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NY Theater Reviews

Tovah Feldshuh


By Matt Windman

Tovah Feldshuh is making her New York night club debut. With a good voice and great comedic skills, what's she been waiting for?

Champagne is no longer the drink of choice at Feinstein's - at least not as long as Tovah Feldshuh is in residence, whose show has been extended an extra week to March 22. Some may consider that drink to now be Manischewitz, given Tovah's propensity for the old-fashioned Jewish humor that was once so prominent in the Catskills. Upon seeing an uninhabited table at the start of the show, she asks whether it's been reserved for the Passover prophet Elijah.

But considering the insane amount of energy and dedication that she puts forward, one can only imagine the amount of coffee that Tovah might be drinking. This being her New York nightclub debut, the actress and comedienne has devised a self-described zany one-woman musical comedy." And while, for the record, she has a pretty decent singing voice, her comedic skills are being delivered full force.

For 90 minutes of sketch comedy, she inhabits a gallery of male and female New York City characters, ages 8 to 80, like her Russian immigrant grandmother Ada in the Bronx , a Latina Miss Subwayl , socialite Muffy Brooke Asthma Alsop on Park Avenue, Molly Kelly Kugelberg, a confused 8-year-old resulting from a Jewish-Irish marriage, monotonic radio talk show host Sylvia Chronic and even Sophie Tucker. Each character gets a short monologue and usually then belts a song that can range from Gershwin and Jule Styne to Judy Collins and even rapping.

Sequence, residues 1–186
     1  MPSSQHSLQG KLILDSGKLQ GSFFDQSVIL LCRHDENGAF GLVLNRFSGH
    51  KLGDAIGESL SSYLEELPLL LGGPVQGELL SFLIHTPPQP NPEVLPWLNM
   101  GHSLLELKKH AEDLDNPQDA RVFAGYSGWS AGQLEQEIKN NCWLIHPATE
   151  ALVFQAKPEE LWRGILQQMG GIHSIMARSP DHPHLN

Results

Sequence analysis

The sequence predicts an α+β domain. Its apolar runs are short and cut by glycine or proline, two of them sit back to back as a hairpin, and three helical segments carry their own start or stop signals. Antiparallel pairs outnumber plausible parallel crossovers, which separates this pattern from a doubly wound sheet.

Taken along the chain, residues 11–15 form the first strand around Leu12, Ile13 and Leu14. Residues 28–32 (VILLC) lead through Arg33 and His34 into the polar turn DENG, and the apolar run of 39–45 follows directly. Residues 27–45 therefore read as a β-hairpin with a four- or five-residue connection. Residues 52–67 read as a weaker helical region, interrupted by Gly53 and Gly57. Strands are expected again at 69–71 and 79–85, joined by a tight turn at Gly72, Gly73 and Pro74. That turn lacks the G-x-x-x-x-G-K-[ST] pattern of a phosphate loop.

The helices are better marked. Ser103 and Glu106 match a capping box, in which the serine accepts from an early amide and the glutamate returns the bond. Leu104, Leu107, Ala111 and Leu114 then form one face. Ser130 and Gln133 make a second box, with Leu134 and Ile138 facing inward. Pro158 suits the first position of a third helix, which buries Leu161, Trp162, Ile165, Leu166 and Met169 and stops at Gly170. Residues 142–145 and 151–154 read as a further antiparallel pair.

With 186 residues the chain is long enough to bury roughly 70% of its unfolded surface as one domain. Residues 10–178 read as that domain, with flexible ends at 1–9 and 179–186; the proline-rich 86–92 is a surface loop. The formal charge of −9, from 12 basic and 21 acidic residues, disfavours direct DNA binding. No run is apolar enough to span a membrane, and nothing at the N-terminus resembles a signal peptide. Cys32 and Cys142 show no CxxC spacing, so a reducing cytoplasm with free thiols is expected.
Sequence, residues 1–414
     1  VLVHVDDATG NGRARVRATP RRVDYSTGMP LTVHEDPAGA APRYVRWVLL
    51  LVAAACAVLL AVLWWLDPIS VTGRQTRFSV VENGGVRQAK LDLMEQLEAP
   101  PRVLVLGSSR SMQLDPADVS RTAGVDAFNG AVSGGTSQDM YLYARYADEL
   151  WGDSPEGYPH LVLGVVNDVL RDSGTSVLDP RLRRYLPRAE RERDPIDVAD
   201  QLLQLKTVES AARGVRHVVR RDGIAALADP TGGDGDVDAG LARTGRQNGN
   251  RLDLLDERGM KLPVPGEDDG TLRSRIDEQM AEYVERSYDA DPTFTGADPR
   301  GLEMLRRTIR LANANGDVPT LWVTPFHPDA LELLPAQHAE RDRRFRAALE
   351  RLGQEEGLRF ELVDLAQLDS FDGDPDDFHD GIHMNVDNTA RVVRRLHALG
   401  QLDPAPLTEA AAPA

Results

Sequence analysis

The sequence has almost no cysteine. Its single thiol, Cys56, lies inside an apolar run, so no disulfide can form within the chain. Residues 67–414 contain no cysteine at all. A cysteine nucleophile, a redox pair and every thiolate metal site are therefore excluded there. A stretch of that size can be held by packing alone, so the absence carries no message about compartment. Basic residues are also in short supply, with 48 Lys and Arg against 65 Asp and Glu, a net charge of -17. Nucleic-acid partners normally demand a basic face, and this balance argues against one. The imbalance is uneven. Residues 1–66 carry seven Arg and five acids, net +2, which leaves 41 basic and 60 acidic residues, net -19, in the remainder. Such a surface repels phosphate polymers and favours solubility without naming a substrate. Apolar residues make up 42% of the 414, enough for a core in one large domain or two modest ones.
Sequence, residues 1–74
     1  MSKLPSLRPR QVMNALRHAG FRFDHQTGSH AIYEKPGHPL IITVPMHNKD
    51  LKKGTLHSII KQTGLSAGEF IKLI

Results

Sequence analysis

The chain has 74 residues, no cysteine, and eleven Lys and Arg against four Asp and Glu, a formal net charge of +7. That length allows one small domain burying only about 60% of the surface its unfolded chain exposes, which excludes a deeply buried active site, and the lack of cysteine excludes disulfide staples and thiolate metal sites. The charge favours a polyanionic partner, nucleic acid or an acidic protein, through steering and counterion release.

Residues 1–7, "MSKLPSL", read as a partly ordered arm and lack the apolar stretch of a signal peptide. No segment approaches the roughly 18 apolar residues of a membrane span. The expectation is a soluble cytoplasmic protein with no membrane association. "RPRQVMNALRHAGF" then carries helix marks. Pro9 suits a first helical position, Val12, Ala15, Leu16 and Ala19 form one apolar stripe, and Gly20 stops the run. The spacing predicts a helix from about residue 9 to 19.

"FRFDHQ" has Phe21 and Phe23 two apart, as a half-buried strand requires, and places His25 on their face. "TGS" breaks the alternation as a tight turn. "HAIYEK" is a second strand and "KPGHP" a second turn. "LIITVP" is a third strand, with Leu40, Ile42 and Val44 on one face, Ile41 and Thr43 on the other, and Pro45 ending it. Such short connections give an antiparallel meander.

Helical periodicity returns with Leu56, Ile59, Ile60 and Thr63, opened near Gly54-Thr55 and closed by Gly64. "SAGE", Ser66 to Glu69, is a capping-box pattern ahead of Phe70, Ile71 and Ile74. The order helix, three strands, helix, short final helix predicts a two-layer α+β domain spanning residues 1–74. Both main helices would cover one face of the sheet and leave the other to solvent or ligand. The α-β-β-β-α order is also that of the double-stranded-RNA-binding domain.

Does it sound like an overindulgence of mugging, props and sketches? Perhaps. But for the most part, Tovah makes it work through her wit, sincerity and hard work. And one imagines that Tovah could use some crazy fun in her system before she travels to London with Golda's Balcony. And no performer at Feinstein's has ever thanked her audience so sweetly, addressing us as new friends." She even greets us in the lobby following the show.

And why is it called Tovah in a Nutshell? Does this show represent a summary of who she is? In any event, she does recite the Hamlet line I could be bounded in a nutshell, and count myself a king of infinite space."